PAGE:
[131 NJL Page 240]

A motion for nonsuit was made at this juncture on the ground that the employer had no duty in the premises and was guilty of no negligence. The motion was overruled, appropriate exception was entered and the defendant went to its proof. Two fellow employees testified, one that Szabo was "all right" during the morning working hours; that he did not see him after lunch; and that he stopped to see him on his way home at 3:45 P.M. Another, that Szabo was in "very bad shape" at about 1:45 P.M. on the day in question. The foreman, Curran, said that he first noticed that Szabo was not well at about 2 P.M.; that his hands "were shaking a bit" and that he cautioned him against drinking any more water; he also advised him to sit down for a while and that he would be all right; that Szabo did so and after a short time returned to his work. The foreman again told him to rest but again Szabo wanted to resume work, whereupon the foreman told him to sit down, saying, "You stay there until I tell you to come back." At that time it was getting on to three o'clock. The foreman further testified that he did not think Szabo ought to walk to the tool shed in the heat, so he got one of the men who had an automobile to take him home. This concluded the defendant's case. A motion for direction of verdict for the defendant was denied.

In this state the law seems to be that in the absence of contract there is no duty upon the part of an employer to provide medical assistance or other means of being cured to an ill and diseased employee even though the illness or disease arose from the negligence of the employer. Koviacs v. Edison Portland Cement Co., 3 N.J. Mis. R. 368, 369, citing 18 R.C.L. 506; 26 Cyc. 1049. A careful appraisal of the testimony in the case persuades us that there was no evidence upon which it can be fairly said that the employer, having assumed the duty of caring for the decedent, performed that duty negligently.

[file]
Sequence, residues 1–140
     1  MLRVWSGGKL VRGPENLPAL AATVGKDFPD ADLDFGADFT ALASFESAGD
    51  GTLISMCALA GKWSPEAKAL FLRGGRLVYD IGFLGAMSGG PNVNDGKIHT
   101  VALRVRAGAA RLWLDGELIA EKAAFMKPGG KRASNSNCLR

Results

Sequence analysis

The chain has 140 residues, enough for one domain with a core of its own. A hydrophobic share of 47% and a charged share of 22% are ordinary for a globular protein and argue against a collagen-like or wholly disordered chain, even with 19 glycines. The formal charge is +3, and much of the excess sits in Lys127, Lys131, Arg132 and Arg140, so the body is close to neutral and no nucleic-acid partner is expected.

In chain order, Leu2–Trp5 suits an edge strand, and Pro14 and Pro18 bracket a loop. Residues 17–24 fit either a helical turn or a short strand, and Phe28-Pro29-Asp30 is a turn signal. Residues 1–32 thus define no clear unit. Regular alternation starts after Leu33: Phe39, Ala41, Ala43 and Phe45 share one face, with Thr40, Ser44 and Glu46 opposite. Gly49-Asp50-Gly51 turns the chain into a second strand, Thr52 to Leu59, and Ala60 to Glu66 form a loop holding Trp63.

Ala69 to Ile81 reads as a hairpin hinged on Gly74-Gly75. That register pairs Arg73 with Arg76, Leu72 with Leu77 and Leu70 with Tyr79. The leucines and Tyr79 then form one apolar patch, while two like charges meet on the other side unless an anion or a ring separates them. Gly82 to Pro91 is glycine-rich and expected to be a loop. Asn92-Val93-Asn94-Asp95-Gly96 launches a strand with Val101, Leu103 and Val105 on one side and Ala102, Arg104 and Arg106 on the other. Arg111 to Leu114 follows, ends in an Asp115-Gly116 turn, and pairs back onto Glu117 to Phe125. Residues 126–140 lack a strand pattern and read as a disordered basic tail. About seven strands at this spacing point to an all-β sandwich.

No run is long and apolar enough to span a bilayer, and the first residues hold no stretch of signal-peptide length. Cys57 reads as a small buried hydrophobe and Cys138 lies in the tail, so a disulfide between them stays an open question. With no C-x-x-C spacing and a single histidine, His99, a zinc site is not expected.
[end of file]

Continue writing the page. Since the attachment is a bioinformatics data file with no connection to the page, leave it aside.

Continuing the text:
The testimony of Curran stands undisputed. He noticed that Szabo was not well. He believed his distress was caused by the heat of the day; he told him to cease working and take a rest and yet Szabo returned to work not once but

[131 NJL Page 241]

twice until Curran determined that it would be better to send him home. The fact that there was no one at home to call a doctor is a circumstance that may not be charged against the employer. An employer may not turn away from an employee who had been perhaps mortally injured and leave him unprovided for. But such is not this case.

We think the motion for nonsuit should have been granted at the end of the plaintiff's case and at the end of the whole case the motion for directed verdict for the defendant should likewise have prevailed because there was no proof that the death of the decedent was caused by any act of the employer which had been negligently performed. No evidence in the case leads to the fair assumption that the employer had knowledge, or should have had, that the employee was mortally stricken.

The rule enunciated in Cortez v. Baltimore Insular Line, 287 U.S. 370, relied upon by the court and plaintiff's counsel, is not a pertinent or apt principle for the facts of this case.

The judgment is accordingly reversed.